Inside Boston’s Best Markets and Food Halls
The best restaurants in Boston, all in one place.
It’s easy to see how food halls have enjoyed such immense popularity in recent years—enjoying Mexican street tacos, Belgian frites, Korean barbecue, and local craft beer under one roof is certainly one of life’s greatest pleasures, and Boston is no stranger to the idea.
While the city has offered food hall-esque concepts like Haymarket and Quincy Market since the early 1800s, the modern-day scene reflects a far more worldly take, with no shortage of international cuisines mingling with classic lobster rolls, Boston cream pie, and clam chowder.
A sparkling new addition to Boston’s food hall scene, High Street Place made its downtown debut in March, providing locals with more than 20 drinking and dining options to choose from. Food spans all walks of life around here, with options ranging from close to home—Tiffani Faison’s Dive Bar is a top spot for New England seafood prepared with a Gulf Coast flourish—to far-flung, with Hum’oveh specializing in shish kebabs, mezze platters, and a wealth of other Middle Eastern favorites. Burger lovers take note: High Street Place serves as the current home of Wheelhouse, a local favorite that made waves in 2019 as the winner of Boston Magazine’s prestigious best burger award.
Equipped with 15 distinct food and drink venues scattered across more than 25,000 feet of cafeteria space, Time Out Market Boston is Fenway’s top spot for the indecisive diner. There’s a particularly diverse array of cuisines found across the property, allowing diners to snag some crispy fish tacos and vegan chorizo quesadillas from Taqueria El Barrio, then follow it up with a couple of spicy tuna maki rolls at Gogo Ya for a world tour of flavors. After a hearty couple of courses, La Saison Bakery offers some prime Persian pastry opportunities, while Time Out Market is equipped with an on-property bar for those who prefer their dessert in liquid form.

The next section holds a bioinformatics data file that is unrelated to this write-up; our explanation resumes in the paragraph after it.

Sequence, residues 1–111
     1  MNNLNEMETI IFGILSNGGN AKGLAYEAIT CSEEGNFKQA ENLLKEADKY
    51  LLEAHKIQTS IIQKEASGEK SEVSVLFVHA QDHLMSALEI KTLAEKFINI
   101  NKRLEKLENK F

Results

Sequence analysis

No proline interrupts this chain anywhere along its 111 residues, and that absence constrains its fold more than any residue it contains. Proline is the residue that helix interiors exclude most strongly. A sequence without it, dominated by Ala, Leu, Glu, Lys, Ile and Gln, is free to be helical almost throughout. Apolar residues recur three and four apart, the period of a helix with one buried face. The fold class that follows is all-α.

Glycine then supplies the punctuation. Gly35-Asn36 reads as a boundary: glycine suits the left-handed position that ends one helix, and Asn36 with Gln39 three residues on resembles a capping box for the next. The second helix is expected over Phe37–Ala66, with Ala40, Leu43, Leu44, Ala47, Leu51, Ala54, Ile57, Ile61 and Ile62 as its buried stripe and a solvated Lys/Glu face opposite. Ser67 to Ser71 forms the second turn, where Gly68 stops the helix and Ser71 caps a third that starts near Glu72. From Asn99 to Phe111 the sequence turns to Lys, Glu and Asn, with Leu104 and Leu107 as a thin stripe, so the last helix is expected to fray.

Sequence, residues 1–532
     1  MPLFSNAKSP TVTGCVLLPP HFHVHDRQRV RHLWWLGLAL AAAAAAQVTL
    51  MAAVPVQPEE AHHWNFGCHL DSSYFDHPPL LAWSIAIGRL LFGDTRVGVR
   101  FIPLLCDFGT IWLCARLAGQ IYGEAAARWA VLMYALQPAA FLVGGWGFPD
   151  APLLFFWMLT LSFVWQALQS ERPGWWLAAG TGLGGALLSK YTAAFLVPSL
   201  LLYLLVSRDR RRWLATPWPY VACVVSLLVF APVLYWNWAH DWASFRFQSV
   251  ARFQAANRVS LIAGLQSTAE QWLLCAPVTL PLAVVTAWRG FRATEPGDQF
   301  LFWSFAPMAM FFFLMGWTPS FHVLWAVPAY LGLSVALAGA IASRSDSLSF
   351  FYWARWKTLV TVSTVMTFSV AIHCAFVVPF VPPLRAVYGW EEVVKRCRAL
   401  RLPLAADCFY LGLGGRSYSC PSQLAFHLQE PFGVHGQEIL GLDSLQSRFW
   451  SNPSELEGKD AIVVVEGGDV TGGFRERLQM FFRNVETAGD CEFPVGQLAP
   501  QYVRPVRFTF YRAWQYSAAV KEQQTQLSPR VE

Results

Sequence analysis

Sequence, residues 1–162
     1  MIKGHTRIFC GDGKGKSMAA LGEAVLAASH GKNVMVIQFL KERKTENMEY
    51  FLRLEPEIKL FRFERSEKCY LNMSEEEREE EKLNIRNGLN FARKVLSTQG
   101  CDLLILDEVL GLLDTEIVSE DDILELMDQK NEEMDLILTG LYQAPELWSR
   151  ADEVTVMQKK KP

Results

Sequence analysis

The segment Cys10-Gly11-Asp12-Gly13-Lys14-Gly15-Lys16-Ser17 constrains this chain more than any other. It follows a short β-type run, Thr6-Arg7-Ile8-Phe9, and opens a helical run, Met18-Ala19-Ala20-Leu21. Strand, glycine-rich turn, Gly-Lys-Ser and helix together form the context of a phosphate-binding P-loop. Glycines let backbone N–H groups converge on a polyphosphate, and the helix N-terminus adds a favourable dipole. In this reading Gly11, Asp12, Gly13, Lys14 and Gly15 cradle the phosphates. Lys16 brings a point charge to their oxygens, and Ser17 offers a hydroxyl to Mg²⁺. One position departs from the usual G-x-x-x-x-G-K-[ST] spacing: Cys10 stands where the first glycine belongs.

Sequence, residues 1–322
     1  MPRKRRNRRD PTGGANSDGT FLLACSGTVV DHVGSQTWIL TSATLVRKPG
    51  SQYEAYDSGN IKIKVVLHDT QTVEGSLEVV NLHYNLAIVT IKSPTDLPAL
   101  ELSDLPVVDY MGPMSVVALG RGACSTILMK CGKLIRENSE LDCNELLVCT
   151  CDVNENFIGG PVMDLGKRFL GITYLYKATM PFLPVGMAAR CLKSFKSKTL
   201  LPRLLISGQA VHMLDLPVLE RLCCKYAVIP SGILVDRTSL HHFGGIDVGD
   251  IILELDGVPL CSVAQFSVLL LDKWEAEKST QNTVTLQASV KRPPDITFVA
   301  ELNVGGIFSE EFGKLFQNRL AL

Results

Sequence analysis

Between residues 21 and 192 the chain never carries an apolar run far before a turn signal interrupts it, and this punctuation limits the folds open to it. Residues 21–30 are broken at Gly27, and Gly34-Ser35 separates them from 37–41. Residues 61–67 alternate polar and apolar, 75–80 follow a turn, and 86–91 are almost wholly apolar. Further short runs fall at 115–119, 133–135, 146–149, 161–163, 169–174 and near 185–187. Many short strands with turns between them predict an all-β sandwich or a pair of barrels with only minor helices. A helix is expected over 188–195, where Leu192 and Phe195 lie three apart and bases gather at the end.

Whether you’re searching for a new favorite Italian restaurant, stocking up on Mediterranean ingredients, or just hoping to marvel at more pasta than you could possibly finish in a lifetime, there’s no better spot than Eataly. Launched in 2016 in Boston’s polished Prudential Center, this three-floor market is currently home to four full-service restaurants alongside cafes, gelato stands, and even a cooking school. For a crash course introduction to some of Italy’s most beloved dishes, La Pizza & La Pasta is an absolute must-visit, while Terra is a haven for braciola di maiale, tagliata di manzo, and a wealth of other wood-fired Mediterranean classics.
A senior of the Waterfront dining scene, Boston’s Quincy Market has been in operation for close to two centuries, officially opened back in 1826 at the behest of mayor Josiah Quincy. Though Boston itself has undergone a truly massive array of changes since then, the market has largely stuck to its original purpose, providing locals and visitors alike with top-tier drinking and dining opportunities. Enchiladas, Philly cheesesteaks, and arancini are just a couple of the dishes up for grabs around here, but Quincy Market is best known for its wealth of New England seafood restaurants, offering tourists an opportunity to sample fried clams, calamari, and—of course—New England clam chowder.